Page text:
He also warns against “fanciful subjects and accommodated texts”. By the latter he means a whole lotta eisegesis, or reading into a text so that you make it say something it never tries to say. Chose texts that are clear so your point is clear and simple.

Secondly, use simple words. Or, as Keller says, define more complex terms. I rarely use a theological term without defining it for the congregation. Ryle argues that short words are often the “most powerful and forcible words.”

In the midst of this point he gets caught up in a controversy about Saxon words rather than words of French or Latin origin. It seems to be a bit of a hot button issue of his day. His focus is not on the origin of the words, but words people understand.

Thirdly, use a simple style. You can’t preach like John Owen wrote. Keep sentences short rather than complex with a series of colons and semi-colons. He notes to “take care to write as if you were asthmatical or short of breath.” This is because you aren’t writing a book and they aren’t reading a book. The congregants can’t rewind the sermon to hear that phrase until they get it, you keep moving merrily along.

“A hearer of English hears once for all, and if he loses the thread of your sermon in a long involved sentence, he very likely never finds it again.”

In addition to simple style, use proverbs and epigrammatic sayings. They are brief but pointed. This means they communicate well and can be remembered easily.

Fourth, use a direct style. Use “I” and “you” while avoiding “we”. I often use “we” to communicate it applies to me as well as to them. But he has a point in that the composition of “we” is unclear. Whom does it signify? If you clarify that periodically, use “we” as I do. But if you don’t clarify they won’t know what you mean- that they are part of “we”. The directness is for clarity as well as forcefulness. “This applies to you”, not some vague Anybody. He notes that Whitefield was well-known for such directness. It was a large part of his effectiveness.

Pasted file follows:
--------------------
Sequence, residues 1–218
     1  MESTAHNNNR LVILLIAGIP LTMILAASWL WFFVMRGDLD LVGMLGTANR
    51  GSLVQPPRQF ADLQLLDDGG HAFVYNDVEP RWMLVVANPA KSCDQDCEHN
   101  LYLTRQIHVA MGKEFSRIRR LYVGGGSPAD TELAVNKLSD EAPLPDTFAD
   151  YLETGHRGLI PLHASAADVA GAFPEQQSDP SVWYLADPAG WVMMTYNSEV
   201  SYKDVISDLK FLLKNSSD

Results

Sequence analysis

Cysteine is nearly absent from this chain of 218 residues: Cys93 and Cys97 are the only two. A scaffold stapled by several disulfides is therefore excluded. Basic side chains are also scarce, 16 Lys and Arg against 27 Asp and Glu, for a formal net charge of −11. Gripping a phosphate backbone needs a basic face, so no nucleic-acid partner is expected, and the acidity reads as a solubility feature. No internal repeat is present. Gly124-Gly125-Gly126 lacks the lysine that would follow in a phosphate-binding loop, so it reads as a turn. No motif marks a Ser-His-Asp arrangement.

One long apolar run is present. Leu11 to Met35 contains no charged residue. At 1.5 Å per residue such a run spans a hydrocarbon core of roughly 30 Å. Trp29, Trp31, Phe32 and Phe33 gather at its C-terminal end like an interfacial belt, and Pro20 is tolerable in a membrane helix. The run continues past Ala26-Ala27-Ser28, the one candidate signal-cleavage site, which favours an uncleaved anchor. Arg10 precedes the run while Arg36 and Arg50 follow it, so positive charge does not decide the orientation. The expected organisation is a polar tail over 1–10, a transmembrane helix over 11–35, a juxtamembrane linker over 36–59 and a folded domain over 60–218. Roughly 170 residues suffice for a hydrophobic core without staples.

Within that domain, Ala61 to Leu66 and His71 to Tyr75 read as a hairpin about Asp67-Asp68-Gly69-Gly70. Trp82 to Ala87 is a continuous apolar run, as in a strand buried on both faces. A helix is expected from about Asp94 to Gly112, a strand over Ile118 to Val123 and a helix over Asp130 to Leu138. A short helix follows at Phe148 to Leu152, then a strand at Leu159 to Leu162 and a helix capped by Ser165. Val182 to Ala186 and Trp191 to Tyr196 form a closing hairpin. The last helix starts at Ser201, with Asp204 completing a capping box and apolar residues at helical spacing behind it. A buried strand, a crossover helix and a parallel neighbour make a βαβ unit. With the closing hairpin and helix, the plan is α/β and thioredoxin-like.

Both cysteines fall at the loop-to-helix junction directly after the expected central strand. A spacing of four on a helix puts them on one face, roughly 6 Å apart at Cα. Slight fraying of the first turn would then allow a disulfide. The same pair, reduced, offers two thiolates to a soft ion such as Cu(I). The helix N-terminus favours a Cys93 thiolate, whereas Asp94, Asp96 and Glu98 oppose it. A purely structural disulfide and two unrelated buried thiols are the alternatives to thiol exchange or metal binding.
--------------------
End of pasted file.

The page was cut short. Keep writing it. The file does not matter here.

Fifth, use plenty of anecdotes and illustrations. They are “windows through which light is let in upon your subject.” He advocates reading the Puritans, among others, to see how they use illustrations. He lauds Moody’s use of them.

He notes that a preacher with an eye for them is a happy preacher. Such a man finds them in books, movies, music and real life. He sees how these seemingly ordinary things communicate spiritual truth. Unless you are a good story teller, keep them short. Make sure you aren’t obscuring the truth you want to communicate by a lengthy or poorly told illustration or anecdote.

After repeating his points in summary, he adds a word of application (he’s essentially following the Puritan sermonic pattern). Simplicity is attained with much hard work and trouble.

“You must not think that God will do work for you, though he is ready to do it by you.”

God illuminates the Scriptures as we work in them. He doesn’t bypass our study of the grammar, history, context etc. Likewise, as we put sermons together we are to work hard. Exercise your brains in preparation and putting them together.

Oddly, he notes not to spend time reading the Fathers. They are interesting and sometimes helpful, but he doesn’t want us to read for the sake of reading. Read wisely. Read people who not only provide good information but who model such simplicity (today we’d include listening to podcasts that model it for us).

He also notes that part of your “study” is talking with your people. Keller says something similar in terms of expanding your bubble and getting out of the echo chamber. He noted that his time in Hopewell was helpful because he was able to talk to his congregation about his sermons- what connected and what didn’t. Ryle is essentially saying the same thing. He uses an interesting illustration about a pastor asked about the Fathers noting he usually meets with the mothers when he visits because the fathers are at work.

“We must talk to our people when we are out of church, if we would understand how to preach to them in church.”

The goal is to hit their hearts with the truth. Talking with them means you’ll learn to talk to them and the concerns of their hearts.